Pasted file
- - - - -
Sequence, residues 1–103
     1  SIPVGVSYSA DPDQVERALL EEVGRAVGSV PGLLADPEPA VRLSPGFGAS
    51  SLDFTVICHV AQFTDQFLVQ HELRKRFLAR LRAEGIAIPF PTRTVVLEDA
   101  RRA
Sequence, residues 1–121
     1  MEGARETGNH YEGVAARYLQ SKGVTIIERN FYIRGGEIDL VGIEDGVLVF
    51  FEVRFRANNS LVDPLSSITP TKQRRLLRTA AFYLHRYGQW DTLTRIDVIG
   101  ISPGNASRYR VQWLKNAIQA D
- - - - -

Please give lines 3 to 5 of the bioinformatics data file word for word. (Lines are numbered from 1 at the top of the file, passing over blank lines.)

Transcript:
    51  SLDFTVICHV AQFTDQFLVQ HELRKRFLAR LRAEGIAIPF PTRTVVLEDA
   101  RRA
Sequence, residues 1–121